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My life as an Expat in Turkey - Working in Turkey

28th February 2016

When I first arrived in Turkey to work on a five-star hotel complex down on the Mediterranean Coast, I had no idea of working conditions or what kind of workers I would find. As it turned out, both the Project management Team and Ucgen, the construction company I was seconded to work with were Turkish. However, everyone made me feel welcome, with our soon getting on well together. I had met the three owners of Ucgen in Istanbul at their head-office, with Esref, the overall project manager driving me down to site from Istanbul. Here along with two colleagues from my company, we were the only three expat's on the project, with over three hundred Turkish workers.

A short time after my arrival, Haluk, one of Ucgen's owners came to the site. During a walk-around, he asked me to report anything I thought not up to standard. As I was employed as an advisor on finishing details, I said although the project was still under construction, I would if I saw anything. 
Four young supervisors were onsite, all of whom spoke a various degree of English, which as I did not speak Turkish, were a welcome bonus. I found them eager to learn and taking notice whenever I mentioned something incorrect. One named Ugur spoke the least English, but some how always seemed to know what I said and went off to do it. As a result, we got on well, with my finding him an extremely good worker. In view of this, I was not too surprised when one day he said. "Mr. Colin, when you finish this project and start a new one, would you take me with you."
He later worked with me on another two projects, one with Ucgen in Turkmenistan, and one with an English company I worked with in Northern Cyprus.

Shortly before completion of my contract, due to a back injury, I flew back to England on a stretcher for treatment. Whilst there, the company who employed me left site on completion of the first phase of the contract. To my surprise, I received a fax from Ucgen, offering to take-over my contract. As this proved such a good one, I felt more than happy to accept. Once my back problem was resolved, I flew back to Turkey.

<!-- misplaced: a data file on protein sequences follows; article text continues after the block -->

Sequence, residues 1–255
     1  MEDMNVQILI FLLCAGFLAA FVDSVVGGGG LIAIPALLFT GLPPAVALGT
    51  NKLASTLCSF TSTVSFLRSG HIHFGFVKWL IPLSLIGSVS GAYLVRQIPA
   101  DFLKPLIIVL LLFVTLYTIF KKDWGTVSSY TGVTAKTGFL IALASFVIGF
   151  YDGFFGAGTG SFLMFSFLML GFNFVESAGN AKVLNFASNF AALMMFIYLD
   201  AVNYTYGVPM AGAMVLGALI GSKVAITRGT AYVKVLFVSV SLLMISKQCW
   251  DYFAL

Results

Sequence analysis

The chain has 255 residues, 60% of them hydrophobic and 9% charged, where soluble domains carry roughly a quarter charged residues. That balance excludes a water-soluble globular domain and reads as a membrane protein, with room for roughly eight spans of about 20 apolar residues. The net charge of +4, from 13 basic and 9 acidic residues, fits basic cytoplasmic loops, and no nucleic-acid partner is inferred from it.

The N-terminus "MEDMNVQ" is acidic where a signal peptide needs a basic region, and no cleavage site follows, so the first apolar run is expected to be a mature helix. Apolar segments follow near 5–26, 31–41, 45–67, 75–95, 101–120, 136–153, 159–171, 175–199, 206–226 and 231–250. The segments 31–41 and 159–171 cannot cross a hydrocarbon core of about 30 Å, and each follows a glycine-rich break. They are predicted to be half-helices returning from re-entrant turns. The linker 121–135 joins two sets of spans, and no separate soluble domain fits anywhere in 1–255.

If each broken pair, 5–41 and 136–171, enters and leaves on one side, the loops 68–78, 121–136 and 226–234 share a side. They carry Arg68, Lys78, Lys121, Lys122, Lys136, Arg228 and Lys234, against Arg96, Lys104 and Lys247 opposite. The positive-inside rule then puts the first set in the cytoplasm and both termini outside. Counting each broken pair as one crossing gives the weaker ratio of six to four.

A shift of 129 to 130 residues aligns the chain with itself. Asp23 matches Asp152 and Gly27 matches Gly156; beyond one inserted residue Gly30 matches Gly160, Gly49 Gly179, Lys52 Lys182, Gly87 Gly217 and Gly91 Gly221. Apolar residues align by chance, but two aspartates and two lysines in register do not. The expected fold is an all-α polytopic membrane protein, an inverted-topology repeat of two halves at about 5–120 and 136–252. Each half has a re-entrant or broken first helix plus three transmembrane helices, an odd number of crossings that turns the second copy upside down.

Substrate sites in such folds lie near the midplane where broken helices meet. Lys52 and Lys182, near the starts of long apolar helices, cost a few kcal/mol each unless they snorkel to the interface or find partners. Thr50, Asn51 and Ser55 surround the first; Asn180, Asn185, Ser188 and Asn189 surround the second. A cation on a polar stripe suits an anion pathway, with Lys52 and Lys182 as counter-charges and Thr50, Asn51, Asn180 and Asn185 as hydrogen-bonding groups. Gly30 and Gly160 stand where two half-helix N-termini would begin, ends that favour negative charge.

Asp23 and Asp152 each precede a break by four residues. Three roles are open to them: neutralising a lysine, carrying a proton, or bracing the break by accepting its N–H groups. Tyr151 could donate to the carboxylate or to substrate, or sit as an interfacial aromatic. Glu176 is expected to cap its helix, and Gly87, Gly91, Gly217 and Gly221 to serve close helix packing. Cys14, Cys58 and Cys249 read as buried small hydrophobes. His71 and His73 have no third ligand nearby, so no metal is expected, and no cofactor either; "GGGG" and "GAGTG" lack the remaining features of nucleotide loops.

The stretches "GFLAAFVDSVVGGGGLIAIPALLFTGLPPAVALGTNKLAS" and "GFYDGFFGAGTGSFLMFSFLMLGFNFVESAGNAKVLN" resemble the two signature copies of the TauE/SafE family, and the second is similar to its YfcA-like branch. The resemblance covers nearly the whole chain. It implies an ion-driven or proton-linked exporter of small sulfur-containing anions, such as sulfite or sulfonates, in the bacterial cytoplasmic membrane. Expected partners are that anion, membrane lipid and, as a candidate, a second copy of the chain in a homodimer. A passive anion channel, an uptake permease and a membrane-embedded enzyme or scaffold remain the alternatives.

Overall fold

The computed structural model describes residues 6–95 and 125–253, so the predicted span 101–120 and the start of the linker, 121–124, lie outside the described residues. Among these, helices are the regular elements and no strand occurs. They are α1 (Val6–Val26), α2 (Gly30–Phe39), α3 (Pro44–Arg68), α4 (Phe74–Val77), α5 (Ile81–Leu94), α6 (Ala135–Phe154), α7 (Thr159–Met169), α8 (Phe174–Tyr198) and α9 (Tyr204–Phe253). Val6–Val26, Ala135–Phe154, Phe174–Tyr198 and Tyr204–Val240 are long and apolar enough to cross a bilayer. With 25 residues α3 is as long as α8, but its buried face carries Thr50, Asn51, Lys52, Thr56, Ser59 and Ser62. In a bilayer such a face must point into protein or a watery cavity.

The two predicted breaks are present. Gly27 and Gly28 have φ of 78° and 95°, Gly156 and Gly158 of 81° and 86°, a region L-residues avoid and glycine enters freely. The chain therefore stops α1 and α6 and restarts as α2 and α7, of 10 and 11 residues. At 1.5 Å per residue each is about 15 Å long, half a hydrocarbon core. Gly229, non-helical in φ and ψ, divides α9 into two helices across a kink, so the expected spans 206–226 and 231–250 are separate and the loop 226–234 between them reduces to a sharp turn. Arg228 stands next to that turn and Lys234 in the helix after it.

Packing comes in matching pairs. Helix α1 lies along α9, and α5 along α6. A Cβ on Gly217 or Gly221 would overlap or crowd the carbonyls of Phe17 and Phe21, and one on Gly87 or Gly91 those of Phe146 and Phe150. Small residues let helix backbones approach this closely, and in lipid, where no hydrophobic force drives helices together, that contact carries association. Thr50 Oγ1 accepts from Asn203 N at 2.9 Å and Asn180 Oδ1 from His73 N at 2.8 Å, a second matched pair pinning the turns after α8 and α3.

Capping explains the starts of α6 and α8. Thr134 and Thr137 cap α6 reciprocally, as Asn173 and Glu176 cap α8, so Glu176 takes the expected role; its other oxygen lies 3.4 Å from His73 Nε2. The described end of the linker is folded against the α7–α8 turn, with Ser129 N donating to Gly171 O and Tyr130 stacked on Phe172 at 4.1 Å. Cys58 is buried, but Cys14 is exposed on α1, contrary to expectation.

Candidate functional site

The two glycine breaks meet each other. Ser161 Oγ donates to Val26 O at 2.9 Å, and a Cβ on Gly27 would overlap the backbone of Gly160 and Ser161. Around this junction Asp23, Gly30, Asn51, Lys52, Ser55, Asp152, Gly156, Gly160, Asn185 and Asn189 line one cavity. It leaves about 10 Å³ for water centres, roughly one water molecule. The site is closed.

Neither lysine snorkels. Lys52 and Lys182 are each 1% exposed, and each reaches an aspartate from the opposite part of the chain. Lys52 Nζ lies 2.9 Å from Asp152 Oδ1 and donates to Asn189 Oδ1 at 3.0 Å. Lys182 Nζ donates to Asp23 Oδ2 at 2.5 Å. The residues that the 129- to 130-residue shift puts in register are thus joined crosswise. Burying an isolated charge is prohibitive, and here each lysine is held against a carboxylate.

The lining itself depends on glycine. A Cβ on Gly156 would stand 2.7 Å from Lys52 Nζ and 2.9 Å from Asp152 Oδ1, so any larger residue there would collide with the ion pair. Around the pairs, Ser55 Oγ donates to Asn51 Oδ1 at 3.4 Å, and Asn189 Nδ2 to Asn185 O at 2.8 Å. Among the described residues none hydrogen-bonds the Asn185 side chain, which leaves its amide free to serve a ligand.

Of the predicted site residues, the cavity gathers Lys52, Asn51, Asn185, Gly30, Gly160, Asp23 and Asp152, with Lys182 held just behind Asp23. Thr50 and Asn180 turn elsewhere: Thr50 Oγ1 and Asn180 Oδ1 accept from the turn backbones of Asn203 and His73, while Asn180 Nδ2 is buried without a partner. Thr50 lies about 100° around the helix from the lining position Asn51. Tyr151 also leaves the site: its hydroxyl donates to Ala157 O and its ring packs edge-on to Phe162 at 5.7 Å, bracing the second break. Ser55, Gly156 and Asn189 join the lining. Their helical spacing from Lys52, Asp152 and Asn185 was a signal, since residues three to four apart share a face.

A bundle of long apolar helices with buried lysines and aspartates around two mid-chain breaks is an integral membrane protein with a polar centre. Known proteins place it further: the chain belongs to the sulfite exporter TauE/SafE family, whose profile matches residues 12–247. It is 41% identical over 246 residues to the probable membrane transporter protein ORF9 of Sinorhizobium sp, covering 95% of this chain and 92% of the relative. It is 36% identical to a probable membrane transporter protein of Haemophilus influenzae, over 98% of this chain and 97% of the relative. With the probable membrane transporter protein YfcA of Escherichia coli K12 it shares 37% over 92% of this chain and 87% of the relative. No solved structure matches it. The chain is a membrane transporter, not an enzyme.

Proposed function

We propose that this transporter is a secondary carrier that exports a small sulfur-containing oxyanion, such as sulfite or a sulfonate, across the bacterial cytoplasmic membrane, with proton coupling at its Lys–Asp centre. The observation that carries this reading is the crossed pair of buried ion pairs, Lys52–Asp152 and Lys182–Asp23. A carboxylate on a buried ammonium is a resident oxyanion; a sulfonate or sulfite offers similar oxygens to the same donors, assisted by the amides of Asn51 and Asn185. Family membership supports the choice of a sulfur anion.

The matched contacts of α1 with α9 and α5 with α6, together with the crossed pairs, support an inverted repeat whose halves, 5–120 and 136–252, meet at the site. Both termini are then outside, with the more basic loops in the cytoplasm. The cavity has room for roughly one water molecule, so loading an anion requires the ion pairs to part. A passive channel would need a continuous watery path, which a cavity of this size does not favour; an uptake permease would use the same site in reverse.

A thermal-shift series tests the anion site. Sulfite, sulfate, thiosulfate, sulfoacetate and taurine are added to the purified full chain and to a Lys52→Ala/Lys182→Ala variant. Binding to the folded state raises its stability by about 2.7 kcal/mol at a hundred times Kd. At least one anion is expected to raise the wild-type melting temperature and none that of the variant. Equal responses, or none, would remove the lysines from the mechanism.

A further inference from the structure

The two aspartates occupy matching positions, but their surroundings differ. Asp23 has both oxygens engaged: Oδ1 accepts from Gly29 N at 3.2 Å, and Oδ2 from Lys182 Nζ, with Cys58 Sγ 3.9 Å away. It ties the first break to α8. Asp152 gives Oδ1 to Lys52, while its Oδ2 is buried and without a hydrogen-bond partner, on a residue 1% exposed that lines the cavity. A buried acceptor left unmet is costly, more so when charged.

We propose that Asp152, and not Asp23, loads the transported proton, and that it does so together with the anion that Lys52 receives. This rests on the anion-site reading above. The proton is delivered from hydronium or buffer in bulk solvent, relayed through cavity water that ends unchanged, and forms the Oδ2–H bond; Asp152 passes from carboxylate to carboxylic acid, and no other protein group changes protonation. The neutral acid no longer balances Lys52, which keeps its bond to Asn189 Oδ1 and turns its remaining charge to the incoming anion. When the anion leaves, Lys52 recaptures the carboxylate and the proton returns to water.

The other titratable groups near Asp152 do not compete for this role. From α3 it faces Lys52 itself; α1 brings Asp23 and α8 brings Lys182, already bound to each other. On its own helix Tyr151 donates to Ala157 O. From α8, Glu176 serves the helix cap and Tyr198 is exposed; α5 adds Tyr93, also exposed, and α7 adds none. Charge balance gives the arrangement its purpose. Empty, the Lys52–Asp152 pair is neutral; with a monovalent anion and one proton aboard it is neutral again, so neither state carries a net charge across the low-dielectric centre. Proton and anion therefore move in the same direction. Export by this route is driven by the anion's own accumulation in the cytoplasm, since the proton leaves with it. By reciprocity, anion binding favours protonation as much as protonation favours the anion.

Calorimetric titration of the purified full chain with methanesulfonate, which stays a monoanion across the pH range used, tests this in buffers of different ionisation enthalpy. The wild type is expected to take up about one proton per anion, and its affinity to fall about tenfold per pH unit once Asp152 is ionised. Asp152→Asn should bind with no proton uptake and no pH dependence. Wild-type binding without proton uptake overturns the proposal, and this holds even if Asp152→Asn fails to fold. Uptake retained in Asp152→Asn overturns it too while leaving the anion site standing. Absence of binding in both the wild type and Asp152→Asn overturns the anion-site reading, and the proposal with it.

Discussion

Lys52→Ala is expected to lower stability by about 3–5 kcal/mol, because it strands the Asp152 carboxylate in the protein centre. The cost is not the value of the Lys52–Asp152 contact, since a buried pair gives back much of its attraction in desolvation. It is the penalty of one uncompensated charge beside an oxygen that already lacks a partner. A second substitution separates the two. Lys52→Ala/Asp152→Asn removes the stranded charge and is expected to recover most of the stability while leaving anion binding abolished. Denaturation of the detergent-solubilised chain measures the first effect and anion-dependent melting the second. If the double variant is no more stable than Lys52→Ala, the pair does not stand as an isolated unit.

As I now worked direct for Ucgen and no longer an advisor, things were rather different. One example occurred when after complaining about some paint finishes, I requested the company's supervisor come to the site. On arrival, he did not appreciate my complaint and asked, "Who are you to complain about our work?"
I replied with a smile. "No one, but until I am satisfied, you will not be paid." 
On hearing this, his scowling face broke in a big smile. "No problem!" he said, "What colour would you like." 
From then on I had no problems with his company or any other sub-contractor.

I got on well with Ucgen, with Haluk and I becoming good friends, as did Esref. In general I liked working with the Turkish workers, whom I found friendly and helpful both on and off-site. 

 I went to Turkmenistan when after finishing the contract, Haluk contacted me and asked if I would help him on a hotel contract they had. As he and Ucgen had helped me during the project and when I had a house built near the project, I had no hesitation about going there. During this project, although the only English person on the project I enjoyed working there. At one time, due to the tragic death of site engineer, who had become a very good friend, I was asked to run the site until a replacement could be found. This I thought very good for me as it was a sign of how Ucgen appreciated my help. I later helped on another project there, which involved completion of a new airport terminal that had to be completed in an incredibly short time. Here I stayed with the men until late at night, with the project completed on time and opened by the President of Turkmenistan.


About Author:

My name is Colin Guest, a retired 74 year old Englishman married to a Turkish lady and living in Istanbul, Turkey.
Since starting my working life as an apprentice joiner/shopfitter in Plymouth, Devon, England, I worked my way up to become a foreman shopfitter, and later a supervisor, project supervisor, finishes advisor and head of a quality control team on a 52 storey luxury apartment block.
Over the course of nineteen years, I have worked with both architects and interior design companies, with my both advising and controlling interior finishing works on several palaces and a number of five star hotels. These were spread through fifteen countries in the Middle, Far East and North Africa.
As I have always enjoyed writing, apart from writing and publishing my e book An Expat's Experiences of Living in Turkey
Due to my rather different style of working life, I have written “Follow in the Tigermans Footsteps.”

Although a memoir, it reads more like an adventure book and includes many thrilling, crazy, humorous and several life threatening experiences I encountered during this incredible time of my life. Instead of a boring 9-5 job, I enjoyed a life most only dream about.

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